3. In Case No. 16-56201, Galvan-Avila appeals the district court's denial of his motion for leave to amend his § 2241 habeas petition to a § 2255 petition. We review for abuse of discretion. Walker v. Beard, 789 F.3d 1125, 1131 (9th Cir. 2015). Galvan-Avila's proposed amendment would be futile because it fails on the merits, and we therefore affirm the district court. See Lockheed Martin Corp. v. Network Sols., Inc., 194 F.3d 980, 986 (9th Cir. 1999) (“We consider four factors when reviewing a decision whether to permit an amendment ․ [including] futility of the proposed amendment.”).
Galvan-Avila argues that he should be granted leave to amend so that he may challenge his conviction on ineffective assistance of counsel grounds. But Galvan-Avila's argument is squarely foreclosed by this court's decision in United States v. Lopez-Velasquez, 629 F.3d 894 (9th Cir. 2010) (en banc). In Lopez-Velasquez, we held that an IJ was not required to inform a respondent “of relief for which he was not then eligible and for which he would become eligible only with a change in law and the passage of” additional time. Id. at 901. This was precisely the case at Galvan-Avila's 1994 deportation hearing. Galvan-Avila was “ineligible for [§ 212(c) ] relief, as a matter of law, at the time of the hearing” because he had not yet accrued seven years of lawful domicile. Id. at 898.
Galvan-Avila argues that he should have received the benefit of two later-decided cases that would have allowed him to accrue lawful domicile while a temporary resident and while appealing his case. See Ortega de Robles v. INS, 58 F.3d 1355 (9th Cir. 1995); Foroughi v. INS, 60 F.3d 570 (9th Cir. 1995). But we rejected that precise approach in Lopez-Velasquez. See 629 F.3d at 879–99. The IJ was “not required to advise [Galvan-Avila] of possible relief when there [was] no factual basis for relief in the record.” See id. at 900. Thus, Galvan-Avila did not receive ineffective assistance from his public defender about the possibility of collaterally attacking his prior deportation. He cannot prevail on the merits of his ineffective assistance of counsel claim, and amending his habeas petition would be futile. The district court therefore did not err in denying him leave to amend.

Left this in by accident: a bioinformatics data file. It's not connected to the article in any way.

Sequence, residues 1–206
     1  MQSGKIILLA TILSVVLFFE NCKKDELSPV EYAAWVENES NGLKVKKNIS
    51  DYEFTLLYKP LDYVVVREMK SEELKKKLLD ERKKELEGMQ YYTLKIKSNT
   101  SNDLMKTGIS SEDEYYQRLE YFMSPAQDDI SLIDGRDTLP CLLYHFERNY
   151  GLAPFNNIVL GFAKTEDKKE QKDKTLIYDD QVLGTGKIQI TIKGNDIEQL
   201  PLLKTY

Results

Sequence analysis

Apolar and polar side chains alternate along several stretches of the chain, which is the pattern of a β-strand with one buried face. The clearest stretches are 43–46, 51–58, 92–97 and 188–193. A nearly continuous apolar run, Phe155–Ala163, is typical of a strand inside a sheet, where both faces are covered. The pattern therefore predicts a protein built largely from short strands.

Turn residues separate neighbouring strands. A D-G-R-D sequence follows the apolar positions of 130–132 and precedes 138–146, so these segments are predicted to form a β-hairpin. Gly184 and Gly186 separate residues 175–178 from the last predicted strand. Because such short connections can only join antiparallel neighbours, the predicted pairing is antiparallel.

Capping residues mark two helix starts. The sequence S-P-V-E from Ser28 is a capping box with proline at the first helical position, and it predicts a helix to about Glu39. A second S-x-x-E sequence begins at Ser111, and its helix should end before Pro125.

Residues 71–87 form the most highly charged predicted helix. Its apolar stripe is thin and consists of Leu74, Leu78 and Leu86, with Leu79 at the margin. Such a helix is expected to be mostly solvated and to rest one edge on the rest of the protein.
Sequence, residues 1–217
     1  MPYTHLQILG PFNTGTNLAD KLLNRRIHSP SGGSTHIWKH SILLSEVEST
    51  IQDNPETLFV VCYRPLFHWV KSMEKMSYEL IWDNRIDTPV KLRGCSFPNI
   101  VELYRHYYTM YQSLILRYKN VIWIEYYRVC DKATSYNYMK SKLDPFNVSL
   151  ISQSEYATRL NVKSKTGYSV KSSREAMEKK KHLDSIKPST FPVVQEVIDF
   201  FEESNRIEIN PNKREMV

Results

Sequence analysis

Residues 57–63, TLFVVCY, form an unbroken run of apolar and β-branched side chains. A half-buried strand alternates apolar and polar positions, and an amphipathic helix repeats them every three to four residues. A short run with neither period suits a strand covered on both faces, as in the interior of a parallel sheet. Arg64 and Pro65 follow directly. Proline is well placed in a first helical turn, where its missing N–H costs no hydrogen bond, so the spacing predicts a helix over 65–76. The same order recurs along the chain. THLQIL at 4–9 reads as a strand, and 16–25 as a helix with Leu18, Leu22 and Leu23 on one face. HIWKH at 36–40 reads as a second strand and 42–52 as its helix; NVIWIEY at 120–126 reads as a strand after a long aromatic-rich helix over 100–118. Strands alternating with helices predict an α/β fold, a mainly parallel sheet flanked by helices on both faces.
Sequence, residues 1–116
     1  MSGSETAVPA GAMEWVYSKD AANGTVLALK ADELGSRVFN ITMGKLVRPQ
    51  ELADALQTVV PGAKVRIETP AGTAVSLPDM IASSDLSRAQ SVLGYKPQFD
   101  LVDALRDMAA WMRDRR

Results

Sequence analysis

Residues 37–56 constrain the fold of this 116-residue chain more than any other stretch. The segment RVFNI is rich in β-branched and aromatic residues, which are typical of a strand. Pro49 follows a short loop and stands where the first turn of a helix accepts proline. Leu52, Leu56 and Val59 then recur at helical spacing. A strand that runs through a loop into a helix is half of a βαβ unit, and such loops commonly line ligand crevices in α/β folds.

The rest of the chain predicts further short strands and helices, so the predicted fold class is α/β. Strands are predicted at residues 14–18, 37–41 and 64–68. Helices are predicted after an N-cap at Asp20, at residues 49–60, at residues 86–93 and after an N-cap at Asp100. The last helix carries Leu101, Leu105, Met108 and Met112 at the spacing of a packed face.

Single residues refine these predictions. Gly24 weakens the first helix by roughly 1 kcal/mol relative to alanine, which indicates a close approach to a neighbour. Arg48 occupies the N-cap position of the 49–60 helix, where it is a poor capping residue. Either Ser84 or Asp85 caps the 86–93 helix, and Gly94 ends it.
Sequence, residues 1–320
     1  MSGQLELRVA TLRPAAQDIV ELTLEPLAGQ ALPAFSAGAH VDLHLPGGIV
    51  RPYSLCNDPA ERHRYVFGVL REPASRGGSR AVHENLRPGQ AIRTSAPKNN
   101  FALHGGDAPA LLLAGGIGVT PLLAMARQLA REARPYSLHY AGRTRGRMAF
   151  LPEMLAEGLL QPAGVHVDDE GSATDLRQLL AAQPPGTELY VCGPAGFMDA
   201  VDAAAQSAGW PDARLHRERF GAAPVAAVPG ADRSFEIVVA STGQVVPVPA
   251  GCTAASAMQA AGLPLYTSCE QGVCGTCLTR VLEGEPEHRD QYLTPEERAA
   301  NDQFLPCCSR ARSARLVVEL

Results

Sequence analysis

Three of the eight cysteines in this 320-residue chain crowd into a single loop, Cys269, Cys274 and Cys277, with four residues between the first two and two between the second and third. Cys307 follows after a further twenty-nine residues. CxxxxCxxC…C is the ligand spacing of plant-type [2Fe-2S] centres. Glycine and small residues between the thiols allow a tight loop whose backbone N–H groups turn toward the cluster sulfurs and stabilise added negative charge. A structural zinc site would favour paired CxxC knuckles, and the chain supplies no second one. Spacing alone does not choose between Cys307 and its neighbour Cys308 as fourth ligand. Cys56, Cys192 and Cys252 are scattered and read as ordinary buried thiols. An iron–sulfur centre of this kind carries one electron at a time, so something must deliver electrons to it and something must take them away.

4. We deny Galvan-Avila's motion to supplement the record on appeal (No. 13-56205 Dkt. No. 53). Federal Rule of Appellate Procedure 10(e) permits supplementing the record when evidence “is omitted from or misstated in the record by error or accident.” But “Rule 10(e) cannot be used to add or to enlarge the record on appeal to include material which was not before the district court.” United States v. Walker, 601 F.3d 1051, 1054 (9th Cir. 1979). Galvan-Avila does not contend that the documents he seeks to add to the record were before the district court, nor that they were omitted from the record by error or accident. Therefore, we deny Galvan-Avila's motion to supplement the appellate record and grant the Government's motion to strike the portions of his brief referencing this evidence (No. 13-56205 Dkt. No. 55).
Each party shall bear its own costs.
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13-73817: PETITION GRANTED IN PART, DENIED IN PART, AND REMANDED.
FOOTNOTE. This disposition is not appropriate for publication and is not precedent except as provided by Ninth Circuit Rule 36-3.